Past Internships

Project Background and Goals:

In 1993, a large outbreak of foodborne illness caused by the bacterium Escherichia coli O157:H7 occurred in the western United States. In this outbreak, scientists at CDC performed DNA "fingerprinting" by pulsed-field gel electrophoresis (PFGE) and determined that the strain of E. coli O157:H7 found in patients had the same PFGE pattern as the strain found in hamburger patties served at a large chain of regional fast food restaurants. PFGE of Salmonella, Shiga-toxin producing E.coli (STEC), and Listeria (SSL) continues to be a critical tool for investigating clusters of disease.

PFGE combined with epidemiologic evidence has resulted in the solving of many large outbreaks in NYS and across the United States. For example, the recent outbreak of Listeria associated with consumption of cantaloupes. NYS has a high volume of cases that are PFGE ‘matching’ and require follow-up beyond the routine enteric investigation conducted by local health departments. The goal of this project is to begin centralizing and standardizing SSL PFGE cluster investigations, including interviews, data collection, data entry, and analysis utilizing a team of students.

Student’s Role in Project:

A graduate level student would be responsible for assisting with the oversight and coordination of an interview process using hypothesis generating or outbreak specific questionnaires for all PFGE matching cases of SSL in NYS. The graduate student will assist with development of questionnaires, interviews, data entry, coordinating student interview schedules, and any additional responsibilities as needed. The graduate student will also assist with the analysis of project data using Access and SAS and be required to produce a final academic project (poster, presentation, or paper).

Project Background and Goals:

The physiologic and health outcomes of exposure to engineered nanomaterials have not yet been well characterized or documented, nor have the details surrounding the toxicity of various nanoparticles. The specific physiochemical parameters (e.g. size, shape, surface characteristics, charge, functional groups, crystal structure, and solubility) that most strongly influence biological activities remain unknown. It is suspected that particle count, size, and surface area are among the most important determinants of toxicity. Inhalation of aerosolized nanoparticles (potential pulmonary toxicity and translocation of the nanoparticles to the brain and/or bloodstream) and nanoparticle penetration of skin (dermal translocation and biodistribution to other organs) are the primary routes of exposure creating concern in occupational settings. Numerous organizations including the National Institute for Occupational Safety and Health (NIOSH) currently recommend treating engineered nanoparticles “as if” they are hazardous.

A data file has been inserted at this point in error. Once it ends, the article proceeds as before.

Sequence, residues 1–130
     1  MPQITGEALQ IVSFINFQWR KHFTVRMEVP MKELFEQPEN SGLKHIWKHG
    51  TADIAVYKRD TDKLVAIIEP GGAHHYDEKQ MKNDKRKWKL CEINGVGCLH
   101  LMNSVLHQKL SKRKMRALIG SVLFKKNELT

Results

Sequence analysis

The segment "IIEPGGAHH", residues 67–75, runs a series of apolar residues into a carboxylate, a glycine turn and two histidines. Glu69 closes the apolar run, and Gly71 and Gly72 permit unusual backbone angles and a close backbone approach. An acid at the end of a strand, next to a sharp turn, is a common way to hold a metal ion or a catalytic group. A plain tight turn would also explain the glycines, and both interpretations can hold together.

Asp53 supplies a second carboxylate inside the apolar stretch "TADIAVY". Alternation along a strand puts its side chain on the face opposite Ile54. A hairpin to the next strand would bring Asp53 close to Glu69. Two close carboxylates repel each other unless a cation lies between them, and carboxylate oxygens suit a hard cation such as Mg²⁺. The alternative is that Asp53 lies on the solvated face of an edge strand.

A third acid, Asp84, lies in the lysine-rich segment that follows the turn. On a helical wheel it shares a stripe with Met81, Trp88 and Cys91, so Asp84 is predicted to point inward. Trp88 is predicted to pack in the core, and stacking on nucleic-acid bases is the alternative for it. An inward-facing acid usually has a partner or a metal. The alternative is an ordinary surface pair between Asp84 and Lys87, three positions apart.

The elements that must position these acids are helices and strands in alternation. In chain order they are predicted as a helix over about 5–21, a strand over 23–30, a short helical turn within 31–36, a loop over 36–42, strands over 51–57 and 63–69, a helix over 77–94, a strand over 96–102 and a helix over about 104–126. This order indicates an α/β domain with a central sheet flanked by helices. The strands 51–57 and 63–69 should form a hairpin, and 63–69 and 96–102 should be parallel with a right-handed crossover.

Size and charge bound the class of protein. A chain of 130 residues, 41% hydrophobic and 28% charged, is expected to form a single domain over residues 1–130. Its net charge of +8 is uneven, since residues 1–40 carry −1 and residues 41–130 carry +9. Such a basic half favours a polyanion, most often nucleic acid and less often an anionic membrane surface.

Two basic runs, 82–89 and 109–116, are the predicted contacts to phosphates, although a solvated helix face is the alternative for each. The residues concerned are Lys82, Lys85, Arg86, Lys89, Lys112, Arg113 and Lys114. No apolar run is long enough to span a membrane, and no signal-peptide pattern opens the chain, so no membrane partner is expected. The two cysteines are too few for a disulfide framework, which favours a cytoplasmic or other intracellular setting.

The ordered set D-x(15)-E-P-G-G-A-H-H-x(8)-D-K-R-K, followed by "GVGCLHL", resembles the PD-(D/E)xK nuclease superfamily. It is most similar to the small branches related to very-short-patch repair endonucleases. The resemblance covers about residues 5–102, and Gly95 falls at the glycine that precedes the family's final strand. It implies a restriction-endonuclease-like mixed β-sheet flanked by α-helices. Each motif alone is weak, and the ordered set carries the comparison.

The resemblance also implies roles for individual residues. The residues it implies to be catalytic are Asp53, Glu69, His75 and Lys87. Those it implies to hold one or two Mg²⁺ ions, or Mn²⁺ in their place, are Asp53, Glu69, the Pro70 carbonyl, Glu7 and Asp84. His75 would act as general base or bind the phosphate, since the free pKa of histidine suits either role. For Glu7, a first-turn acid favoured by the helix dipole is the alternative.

CNSE is currently developing multiple in vitro and in vivo toxicity studies to investigate the toxicity and potential health effects of exposure to engineered nanoparticles commonly found in semiconductor manufacturing. These projects include the investigation of the effects of exposure to nanoparticles on genes, cells, vasculature, and whole animal systems. The ongoing projects at CNSE focus on the in vitro studies (the PI’s for the in vivo studies are located at other institutions), specifically genotoxicology utilizing the comet assay and cellular toxicity studies. Understanding the hazard potential of nanoparticles used in the occupational setting is necessary to make informed risk management recommendations and formulate best practices to ensure worker health and safety.

Student’s Role in Project:

The student’s role in the project will be to assist the PIs, full time CNSE PhD students and post-docs in the nanobioscience constellation in developing methods for and conducting these lab-based experiments. Additionally, the student will conduct a comprehensive literature review and review the findings from ongoing exposure assessment studies at CNSE to inform this research. Using all available information, the student will work as part of an interdisciplinary team to develop methods and conduct the in vitro experiments.

Project Background and Goals:

The Parasitology Lab at the Wadsworth Center has several projects focused on developing better methods for molecular detection of parasites that cause disease in humans. The assays we develop may be used to identify the organism, detect drug resistance, identify specific species, or perform molecular genotyping to inform outbreak investigations. Classic methods such as microscopy, ELISA and DFA are still used in clinical labs but new molecular methods are rapidly being implemented and provide information beyond what is possible with traditional approaches. With the rapid adoption of molecular methods, our lab is focused on developing methods for use in clinical diagnostics. Since many parasites have complex life cycles, in vitro growth of these organisms is often not possible or not practical. As a result, our approach is to target highly conserved genes containing sequences that are unique to that organism. We design and test various primers and probes to develop nucleic acid amplification based assays. The organisms that we are currently focusing on are: intestinal protozoans such as microsporidia, Entamoeba, Cyclospora, Giardia, as well as helminths.

Student's Role: